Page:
Tuesday, June 19, 2012

Josi Kilpack Top Ten List and a Review: Daisy

I just finished Josi Kilpack's new book, Daisy, the second installment in the Newport Ladies' Book Club.  I'll be honest, I was a little worried because I didn't know how the authors would handle essentially the same situations, except from a different woman's perspective.  I worried for nothing.

Josi's writing voice is loud and clear in Daisy and so different from Julie Wright's Olivia.  I think that's what I liked most about it, is that I enjoyed both books, but for very different reasons.  Olivia's story was gut-wrenching, and Josi's s main character Daisy has just as many complicated decisions that she's facing in her life, but she deals with them in a way that makes her story compelling and compassionate.

I guess what I'm trying to say is I liked looking at the women from the perspective of knowing what was going on, but seeing it through someone else's eyes.  I often think if we could really see a situation from someone else's view, through their eyes so to speak, perhaps we wouldn't be so quick to judge because we would see why they reacted the way they did because of their background and experiences.  Does that make any sense?

The other thing that I really enjoyed about this book was the character growth in Daisy.  It was so subtle and well-crafted and really makes you take a look at your own inner child and what it means to grow up.  The characters are so real and flawed, it added that sense of realism to the story in that it felt like we were peeking into these people's lives.  Really well done.

My point is, I really enjoyed the story, even though I didn't know if I would.  Josi has such a smooth writing style it was easy to get lost in the story and Daisy is a character that I could see wanting to be friends with.  She's dealing with a blended family and yet feeling lonely, with daughters who are making adult decisions that they may or may not be ready for, and when life-changing events come along, she finds support in friends from a book club she didn't know she needed.  This book will make you laugh and make you cry, and make you wonder why you waited so long to read it.  It is a wonderful second installment to the series and I'm anxiously waiting for the next one.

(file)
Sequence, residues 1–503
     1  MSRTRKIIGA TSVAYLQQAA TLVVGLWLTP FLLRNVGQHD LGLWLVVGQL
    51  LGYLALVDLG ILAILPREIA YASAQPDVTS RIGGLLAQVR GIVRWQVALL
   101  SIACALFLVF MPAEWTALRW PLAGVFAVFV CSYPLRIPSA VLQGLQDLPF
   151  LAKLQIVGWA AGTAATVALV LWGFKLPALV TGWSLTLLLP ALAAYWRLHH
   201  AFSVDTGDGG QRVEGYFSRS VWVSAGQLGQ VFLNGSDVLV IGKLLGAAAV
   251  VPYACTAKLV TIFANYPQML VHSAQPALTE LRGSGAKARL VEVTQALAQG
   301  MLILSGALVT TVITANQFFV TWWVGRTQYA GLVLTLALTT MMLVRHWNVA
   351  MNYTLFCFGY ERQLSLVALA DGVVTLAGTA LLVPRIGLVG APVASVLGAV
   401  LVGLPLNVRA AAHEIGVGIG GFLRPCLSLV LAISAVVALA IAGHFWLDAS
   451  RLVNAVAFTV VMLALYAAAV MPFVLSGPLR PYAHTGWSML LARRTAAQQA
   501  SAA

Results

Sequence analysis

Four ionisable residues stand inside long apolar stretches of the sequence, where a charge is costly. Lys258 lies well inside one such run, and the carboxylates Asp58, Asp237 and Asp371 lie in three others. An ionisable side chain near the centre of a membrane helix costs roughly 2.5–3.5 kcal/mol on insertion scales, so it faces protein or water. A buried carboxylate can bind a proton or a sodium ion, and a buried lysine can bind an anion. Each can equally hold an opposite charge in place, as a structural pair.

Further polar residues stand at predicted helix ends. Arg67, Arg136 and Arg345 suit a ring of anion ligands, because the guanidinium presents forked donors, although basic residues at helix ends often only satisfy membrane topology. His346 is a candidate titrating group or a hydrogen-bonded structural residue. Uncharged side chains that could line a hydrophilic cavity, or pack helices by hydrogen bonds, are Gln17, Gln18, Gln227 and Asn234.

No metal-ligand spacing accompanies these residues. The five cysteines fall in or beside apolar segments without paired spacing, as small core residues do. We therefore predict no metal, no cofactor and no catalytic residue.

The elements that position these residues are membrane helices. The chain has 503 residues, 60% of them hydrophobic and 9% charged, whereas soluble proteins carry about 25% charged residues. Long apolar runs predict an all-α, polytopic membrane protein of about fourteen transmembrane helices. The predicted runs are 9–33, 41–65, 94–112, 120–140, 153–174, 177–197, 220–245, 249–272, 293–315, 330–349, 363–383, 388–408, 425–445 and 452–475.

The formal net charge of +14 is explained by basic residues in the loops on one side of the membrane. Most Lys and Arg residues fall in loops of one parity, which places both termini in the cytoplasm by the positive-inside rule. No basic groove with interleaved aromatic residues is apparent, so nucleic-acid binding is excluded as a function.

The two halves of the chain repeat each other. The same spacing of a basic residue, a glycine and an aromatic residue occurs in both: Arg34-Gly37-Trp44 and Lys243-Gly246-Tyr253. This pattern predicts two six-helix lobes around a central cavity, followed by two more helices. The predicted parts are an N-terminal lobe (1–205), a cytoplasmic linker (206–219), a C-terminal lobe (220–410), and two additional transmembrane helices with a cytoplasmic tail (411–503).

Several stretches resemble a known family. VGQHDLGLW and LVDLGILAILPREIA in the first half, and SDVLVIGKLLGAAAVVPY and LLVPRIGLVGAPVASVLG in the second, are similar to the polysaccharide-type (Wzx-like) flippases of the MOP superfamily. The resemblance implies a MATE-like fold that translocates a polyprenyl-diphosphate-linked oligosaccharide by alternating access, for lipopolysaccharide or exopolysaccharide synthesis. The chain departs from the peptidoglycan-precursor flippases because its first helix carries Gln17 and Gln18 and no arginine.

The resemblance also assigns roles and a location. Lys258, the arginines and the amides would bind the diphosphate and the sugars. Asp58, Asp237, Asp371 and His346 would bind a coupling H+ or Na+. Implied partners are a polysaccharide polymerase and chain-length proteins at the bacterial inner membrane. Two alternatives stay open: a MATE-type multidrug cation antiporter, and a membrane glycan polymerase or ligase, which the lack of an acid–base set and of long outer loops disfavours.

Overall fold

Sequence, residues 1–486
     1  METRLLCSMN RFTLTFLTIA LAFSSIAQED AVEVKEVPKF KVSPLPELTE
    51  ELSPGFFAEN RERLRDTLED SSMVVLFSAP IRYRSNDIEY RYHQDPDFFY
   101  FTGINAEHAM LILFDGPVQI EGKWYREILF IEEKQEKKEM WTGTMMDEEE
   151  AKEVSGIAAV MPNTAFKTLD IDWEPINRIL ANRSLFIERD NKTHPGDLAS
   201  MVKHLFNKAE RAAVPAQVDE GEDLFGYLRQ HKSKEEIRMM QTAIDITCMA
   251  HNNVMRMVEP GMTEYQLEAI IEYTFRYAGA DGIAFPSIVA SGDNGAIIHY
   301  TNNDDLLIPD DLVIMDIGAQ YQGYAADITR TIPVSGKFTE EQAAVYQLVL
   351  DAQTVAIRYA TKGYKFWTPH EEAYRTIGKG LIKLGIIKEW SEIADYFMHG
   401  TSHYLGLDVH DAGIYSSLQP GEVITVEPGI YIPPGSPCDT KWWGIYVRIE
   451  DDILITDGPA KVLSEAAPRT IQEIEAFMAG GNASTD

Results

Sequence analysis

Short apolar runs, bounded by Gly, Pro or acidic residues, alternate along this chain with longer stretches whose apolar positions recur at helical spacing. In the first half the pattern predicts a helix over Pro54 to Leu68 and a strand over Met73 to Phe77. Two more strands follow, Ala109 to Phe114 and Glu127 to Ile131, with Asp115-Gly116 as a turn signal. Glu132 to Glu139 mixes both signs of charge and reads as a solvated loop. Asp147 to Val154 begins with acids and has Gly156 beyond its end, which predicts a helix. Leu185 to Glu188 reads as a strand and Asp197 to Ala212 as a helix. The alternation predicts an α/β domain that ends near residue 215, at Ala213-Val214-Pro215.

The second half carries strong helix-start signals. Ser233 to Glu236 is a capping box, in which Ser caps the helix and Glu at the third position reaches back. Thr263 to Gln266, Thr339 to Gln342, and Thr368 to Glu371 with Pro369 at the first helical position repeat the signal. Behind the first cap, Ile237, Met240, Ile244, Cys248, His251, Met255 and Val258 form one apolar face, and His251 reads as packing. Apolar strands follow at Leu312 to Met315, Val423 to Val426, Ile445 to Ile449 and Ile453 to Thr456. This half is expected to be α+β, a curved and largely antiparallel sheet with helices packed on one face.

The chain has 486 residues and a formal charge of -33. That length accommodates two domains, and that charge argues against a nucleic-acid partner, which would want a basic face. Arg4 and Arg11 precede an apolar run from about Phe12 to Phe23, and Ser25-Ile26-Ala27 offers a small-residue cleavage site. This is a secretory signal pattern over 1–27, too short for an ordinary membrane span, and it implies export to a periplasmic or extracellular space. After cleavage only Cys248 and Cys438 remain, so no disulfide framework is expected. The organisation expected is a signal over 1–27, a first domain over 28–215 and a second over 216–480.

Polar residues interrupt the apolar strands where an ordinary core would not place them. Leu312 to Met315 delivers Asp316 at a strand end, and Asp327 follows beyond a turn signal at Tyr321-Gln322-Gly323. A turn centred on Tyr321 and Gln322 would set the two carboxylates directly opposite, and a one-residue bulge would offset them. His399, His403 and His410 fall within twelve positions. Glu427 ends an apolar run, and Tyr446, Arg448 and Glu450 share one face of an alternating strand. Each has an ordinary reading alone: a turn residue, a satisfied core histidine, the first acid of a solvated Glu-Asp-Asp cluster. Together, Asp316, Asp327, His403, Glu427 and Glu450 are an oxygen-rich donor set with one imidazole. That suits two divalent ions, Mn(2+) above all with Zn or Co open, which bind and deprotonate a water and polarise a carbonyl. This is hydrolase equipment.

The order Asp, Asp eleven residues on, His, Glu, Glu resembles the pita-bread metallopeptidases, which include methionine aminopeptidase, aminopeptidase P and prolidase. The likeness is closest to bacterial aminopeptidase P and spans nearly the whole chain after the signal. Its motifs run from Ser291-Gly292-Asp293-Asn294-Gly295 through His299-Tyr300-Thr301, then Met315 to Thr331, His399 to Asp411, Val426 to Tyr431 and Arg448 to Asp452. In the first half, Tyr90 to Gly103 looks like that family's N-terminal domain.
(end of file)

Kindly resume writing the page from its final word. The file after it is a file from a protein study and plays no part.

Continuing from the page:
Here is the back copy:

Motherhood is not for the faint of heart. And no one knows that better than Daisy. Raising two kids as a divorced, single mom, Daisy has faced each and every one of the obstacles in her life with courage and determination.

Now with her oldest daughter ready to have a baby of her own, her youngest daughter ready to graduate from high school, and her new husband, Paul, ready to embrace the life of an empty-nester, Daisy feels like she might finally be able to check "motherhood" off her list of things to do.

Except life often has a mind of its own. When, at age of forty-six, Daisy suddenly finds herself facing a very different future than the one she had planned--and an uncomfortable evaluation of the past she thought she understood--she realizes that there is still some growing up she needs to do.

Looking for a distraction to escape the growing tension at home, Daisy joins the Newport Ladies Book Club, where she meets Paige, Athena, and Olivia--unlikely friends who offer encouragement and support when Daisy's perfectly crafted life is turned upside-down

And to continue our Top Ten List for Writing Motivation When You Don't Feel Like Writing from best-selling authors, here is Josi Kilpack's.

Ten things that keep me motivated:

1--Deadlines from publishers

2--Deadlines from friends (I'll make bets or have to report to them)

3--Venting to people who care enough to listen to me vent (and realize I'll be venting again in the future)

4--Rereading fan mail and remembering why I do this in the first place.

5--Taking a break to write something else (short story, different book, article, journal entry, blog, etc.)

6--Doing some research.

7--Taking a break to read a book written by authors I love.

8--Cleaning out a closet and thinking about my story while I do it.

9--Going back to my character sketches to make sure I know them well enough to write 
about them.


Thanks, Josi!


Debra Erfert said...

Ahh, fan mail! That is a perk of being a writer, isn't it? I'd think that would be a huge motivator into doing another chapter, and then another one, or another book, and then anther one. Eeep! I hope I get fan mail.

Josi, when you say "run" do you mean away from your computer, or for--gulp--exercise? Just curious.

By the way, I have Daisy in my Kindle waiting for me to read it. :)

Jon Spell said...

I like #3. I really only vent about my issues here, but the fact that I'm getting upset/frustrated about something is not so bad. At least I'm thinking about writing and finding solutions.

Tonight I had a little epiphany while I was writing. I could sort of foresee upcoming events and I felt, for the first time, that I might have a complete manuscript at the end. (Not just a novella.) I still have a long way to go, but it has weight and form and is tangible. It's not just ideas in my head and words on a screen. It's solidifying. Also, it feels great to have this realization.

And now for something completely different: what effect are you using to highlight items 4 and 8?

P.S. I saw a bumper sticker yesterday for unicycle.com. Is there a word for that phenomenon where you see something unusual and then suddenly that thing just keeps popping up?

Jordan McCollum said...

Great list of motivators! I'm a bit more like Tristi, in that running is only motivating if I tell myself I have to run if I don't get cracking on the writing ;) .